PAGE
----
Board of Governors approves new Sprott building
The Board of Governors (BoG) approved a $48 million building devoted to the Sprott School of Business at an Oct. 5 meeting.
The board announced that the building will be called the Nicol Building and said it will be located where Parking Lot 2 currently is, near the University Centre and the Architecture Building, with development beginning as early as next fall.
According to a press release, the building will be named after Wesley Nicol, a late Carleton alumnus and entrepreneur. The release also states that his family donated $10 million to Carleton in 2014, which kickstarted plans for a building named in Nicol’s honour.
Dale Craig, the chair of the BoG’s building committee, said Carleton needs more “flexible” teaching and learning spaces on campus and that Sprott particularly needs the extra space.
“We could lose competitiveness in enrolment in the Faculty of Business if we are perceived as less attractive and non-competitive,” Craig said.
According to him, the 100,000-square-foot building will improve and create public assembly space, electronic and interactive classrooms, student resource rooms, office space, space for the entrepreneurial program, and a fifth floor for potential to expand the building in the future.
Jerry Tomberlin, Carleton’s interim provost and vice-president (academic), said Sprott will put the building to good use. Tomberlin is also the former dean of the Sprott School of Business.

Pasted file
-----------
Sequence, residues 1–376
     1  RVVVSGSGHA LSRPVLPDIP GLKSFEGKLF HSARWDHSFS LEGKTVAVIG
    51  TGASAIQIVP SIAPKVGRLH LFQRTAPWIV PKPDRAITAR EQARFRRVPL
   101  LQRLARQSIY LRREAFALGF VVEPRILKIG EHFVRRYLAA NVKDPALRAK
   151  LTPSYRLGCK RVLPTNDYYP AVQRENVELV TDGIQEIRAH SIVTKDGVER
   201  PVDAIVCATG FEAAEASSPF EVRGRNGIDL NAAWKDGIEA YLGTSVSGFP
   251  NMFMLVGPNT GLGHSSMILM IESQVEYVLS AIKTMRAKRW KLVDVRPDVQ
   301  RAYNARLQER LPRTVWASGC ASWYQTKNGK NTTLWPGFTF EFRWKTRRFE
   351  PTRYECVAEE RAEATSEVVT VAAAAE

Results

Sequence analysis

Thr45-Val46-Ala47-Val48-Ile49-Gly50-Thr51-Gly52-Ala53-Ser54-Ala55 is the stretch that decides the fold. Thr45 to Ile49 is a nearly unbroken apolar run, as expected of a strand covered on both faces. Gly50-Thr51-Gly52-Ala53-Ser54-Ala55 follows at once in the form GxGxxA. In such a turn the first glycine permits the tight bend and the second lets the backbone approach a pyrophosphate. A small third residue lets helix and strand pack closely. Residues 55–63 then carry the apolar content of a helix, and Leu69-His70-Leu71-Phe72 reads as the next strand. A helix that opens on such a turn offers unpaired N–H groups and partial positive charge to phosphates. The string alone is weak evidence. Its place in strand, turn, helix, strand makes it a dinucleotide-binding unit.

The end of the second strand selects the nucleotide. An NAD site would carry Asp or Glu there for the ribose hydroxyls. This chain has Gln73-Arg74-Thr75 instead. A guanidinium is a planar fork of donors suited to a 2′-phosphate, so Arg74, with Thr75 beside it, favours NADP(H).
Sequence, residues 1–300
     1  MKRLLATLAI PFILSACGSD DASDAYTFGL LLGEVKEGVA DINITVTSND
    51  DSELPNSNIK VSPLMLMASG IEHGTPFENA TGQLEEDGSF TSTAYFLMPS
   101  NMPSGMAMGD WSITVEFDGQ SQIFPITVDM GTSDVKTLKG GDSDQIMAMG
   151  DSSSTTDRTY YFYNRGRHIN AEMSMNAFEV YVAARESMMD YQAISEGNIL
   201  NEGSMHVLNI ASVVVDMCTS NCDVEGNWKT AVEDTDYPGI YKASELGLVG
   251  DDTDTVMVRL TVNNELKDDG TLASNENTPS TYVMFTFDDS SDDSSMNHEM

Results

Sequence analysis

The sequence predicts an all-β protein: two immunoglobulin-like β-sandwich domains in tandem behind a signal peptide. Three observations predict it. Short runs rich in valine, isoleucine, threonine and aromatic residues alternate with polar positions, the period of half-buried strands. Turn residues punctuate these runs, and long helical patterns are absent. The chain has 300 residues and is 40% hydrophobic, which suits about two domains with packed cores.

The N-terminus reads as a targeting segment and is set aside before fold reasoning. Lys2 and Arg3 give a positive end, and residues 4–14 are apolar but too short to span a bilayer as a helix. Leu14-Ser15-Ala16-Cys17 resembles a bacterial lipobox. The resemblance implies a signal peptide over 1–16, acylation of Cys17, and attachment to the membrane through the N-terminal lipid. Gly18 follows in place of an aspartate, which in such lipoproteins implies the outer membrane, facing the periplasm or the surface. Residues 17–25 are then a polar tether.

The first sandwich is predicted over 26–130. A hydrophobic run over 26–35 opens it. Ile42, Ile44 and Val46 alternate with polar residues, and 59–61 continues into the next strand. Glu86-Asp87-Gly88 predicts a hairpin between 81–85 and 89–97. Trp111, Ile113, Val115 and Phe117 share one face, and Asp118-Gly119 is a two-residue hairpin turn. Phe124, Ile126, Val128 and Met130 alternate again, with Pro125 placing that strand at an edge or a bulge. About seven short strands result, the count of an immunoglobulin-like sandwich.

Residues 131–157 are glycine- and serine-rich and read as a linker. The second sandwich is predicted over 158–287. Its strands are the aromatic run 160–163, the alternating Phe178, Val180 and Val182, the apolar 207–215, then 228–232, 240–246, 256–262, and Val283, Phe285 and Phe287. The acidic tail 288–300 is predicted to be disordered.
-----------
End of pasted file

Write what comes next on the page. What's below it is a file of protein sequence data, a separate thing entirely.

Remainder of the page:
“[It] provides a gathering space that has been missing in the business school since its inception,” he said.
Fred Afagh, the interim dean of the faculty of engineering, said his faculty should be involved with the building.
“It’s high time we actually use our faculty of our department of architectural and civil and mechanical engineering to do some of the work on campus,” Afagh said. “They would love to do the consulting work. We are ready.”
The Sexual Violence Policy
The BoG also discussed Carleton’s Sexual Violence Policy, which has received student criticism since its release in December 2016.
Efrem Berhe, one of the BoG’s undergraduate student representatives, had his question read out loud during the meeting.
“There has been some criticism on how it [Carleton] is handling sexual violence. We would like to know what Carleton has done to address this issue, if there has been any discussion on the issue and if members of the board think that there is any need to revisit the policy?” the question asked.
Interim Carleton president Alastair Summerlee said the school has taken appropriate action to ensure the safety of sexual violence complainants.
“Absolutely no question this is a very challenging area and one that has both the provincial government, media and community deeply engaged in. We have to work to make sure we have a policy that deals with disclosers and those who submit formal complaints,” Summerlee said. “The real challenge is every case is completely different and the circumstances are different and therefore we need flexibility in trying to respond.”
Natalie Prowse, a graduate student representative on the board, said a “big criticism” of the policy was a lack of consultation with students.
According to Summerlee, BoG members contacted different organizations to discuss Carleton’s Sexual Violence Policy, including the executive of the Graduate Students’ Association prior to the meeting.
“This is not a case of just working with one group,” Summerlee said.
While the government of Ontario requires the board to review Carleton’s policy every three years, the board decided to review their policy in one year. The BoG will return with a report on sexual violence at Carleton and participate in campus-wide surveys within a year.
Photo by Aaron Hemens